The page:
A Regime Not to Be Believed : U.N. is right to consider unprecedented action against Iraq


Three months ago Iraq assured a special U.N. commission charged with investigating its unconventional warfare capabilities that it had no biological weapons. Now Saddam Hussein’s regime has acknowledged that, well, yes, as a matter of fact it did once upon a time have a laboratory devoted to developing germ warfare agents. But that project was shut down last fall, Baghdad now claims, out of concern that the site might be attacked by allied forces that had assembled to overturn Iraq’s aggression against Kuwait. A release of biological agents because of an air strike could have had horrendous consequences for the immediate environment.

THE ADMISSION: Iraq’s belated admission comes as no surprise to U.S. officials. Intelligence information about Iraq’s biological warfare program was considered so solid last year that all American and allied troops in the Persian Gulf war zone were inoculated against anthrax and other organisms associated with germ warfare. Are Iraq’s assurances that it has gone out of the biological weapons business now to be believed? Of course not. Iraq’s long and unblemished record of dishonesty and deceit requires that all of its promises, guarantees or assurances be regarded as not just suspect but worthless, until proved otherwise. The best way--the only way--to keep Iraq honest and to guard against its developing nuclear, chemical or biological weapons is unrestricted, on-the-ground inspection of the kind the U.N. Special Commission is now carrying out.

This monitoring may soon become institutionalized. The U.N. Security Council is considering proposals forwarded to it by Secretary General Javier Perez de Cuellar to bring possibly the whole of Iraq’s arms acquisition and development programs under unprecedented open-ended international scrutiny. This would not be a continuation of the existing embargo on weapons transfers to Iraq but rather a new effort to prevent Iraq from acquiring those weapons and delivery systems that the Security Council says it must not have.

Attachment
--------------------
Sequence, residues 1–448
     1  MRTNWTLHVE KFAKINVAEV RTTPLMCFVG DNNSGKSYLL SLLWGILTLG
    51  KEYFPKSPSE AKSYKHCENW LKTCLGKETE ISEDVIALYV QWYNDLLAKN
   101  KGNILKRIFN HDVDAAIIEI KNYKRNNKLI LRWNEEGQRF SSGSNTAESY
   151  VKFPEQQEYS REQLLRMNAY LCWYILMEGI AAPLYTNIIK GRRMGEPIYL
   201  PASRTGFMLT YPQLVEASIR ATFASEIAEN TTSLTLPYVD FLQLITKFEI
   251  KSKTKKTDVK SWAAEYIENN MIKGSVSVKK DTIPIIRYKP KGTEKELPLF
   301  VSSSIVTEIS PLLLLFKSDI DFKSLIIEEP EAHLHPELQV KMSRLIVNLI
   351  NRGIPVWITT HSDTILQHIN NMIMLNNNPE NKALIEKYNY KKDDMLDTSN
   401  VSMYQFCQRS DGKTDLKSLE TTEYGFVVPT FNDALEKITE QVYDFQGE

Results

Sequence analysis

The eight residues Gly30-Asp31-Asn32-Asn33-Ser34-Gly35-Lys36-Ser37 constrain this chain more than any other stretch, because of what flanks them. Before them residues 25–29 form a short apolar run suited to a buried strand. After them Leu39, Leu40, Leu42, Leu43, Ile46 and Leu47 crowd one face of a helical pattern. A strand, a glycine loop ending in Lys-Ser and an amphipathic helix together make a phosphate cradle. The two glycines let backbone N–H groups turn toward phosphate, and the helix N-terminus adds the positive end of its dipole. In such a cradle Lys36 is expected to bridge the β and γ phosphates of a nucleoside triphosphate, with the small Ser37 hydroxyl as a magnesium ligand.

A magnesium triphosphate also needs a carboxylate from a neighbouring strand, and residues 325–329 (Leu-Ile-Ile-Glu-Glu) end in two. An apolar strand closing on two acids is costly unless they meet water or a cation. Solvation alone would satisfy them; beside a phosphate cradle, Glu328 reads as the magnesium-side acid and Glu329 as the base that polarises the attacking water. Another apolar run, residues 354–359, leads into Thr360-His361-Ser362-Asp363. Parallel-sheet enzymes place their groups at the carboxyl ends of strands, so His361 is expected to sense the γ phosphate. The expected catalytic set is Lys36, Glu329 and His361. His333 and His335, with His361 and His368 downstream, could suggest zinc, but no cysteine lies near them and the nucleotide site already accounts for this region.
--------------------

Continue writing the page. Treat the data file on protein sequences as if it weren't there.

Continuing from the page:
Under the plan devised by the International Atomic Energy Agency and teams of U.N. specialists, Iraq would be forbidden to acquire or develop facilities or components associated with nuclear arms. Strict standards for its biological laboratories would similarly aim at preventing the clandestine creation of agents that could be used as anti-personnel weapons. Entire categories of materials that Iraq might buy on world markets would be tightly monitored.

THE REACTION: At the heart of the proposals is the demand for unimpeded inspection and verification. Officials would have the right to carry out aerial or on-the-ground inspection at will, looking not only at suspect facilities but also at all materials arriving in or leaving Iraq. Baghdad would be required to provide comprehensive information about a variety of programs that might have weapons value. The aim of all this is to prevent Iraq from acquiring weapons it could use to intimidate, threaten or attack other countries. And if it refuses to cooperate? The threat of military action against its terror warfare facilities--a threat once again endorsed by the U.S. Senate, on a 97-2 vote--remains very much alive.

Adoption of these ideas in anything like their proposed tough form would break new ground for the United Nations, whose members have always been sensitive to actions that might infringe on national sovereignty. Is such rigorous oversight of Iraq’s arms programs needed? It is, beyond any doubt. What the Security Council is preparing to say, in so many words, is that Saddam Hussein’s outlaw regime is incapable of being trusted and so must be kept under close and constant surveillance. This would be one of the boldest actions the United Nations has taken. It could also be one of the more effective.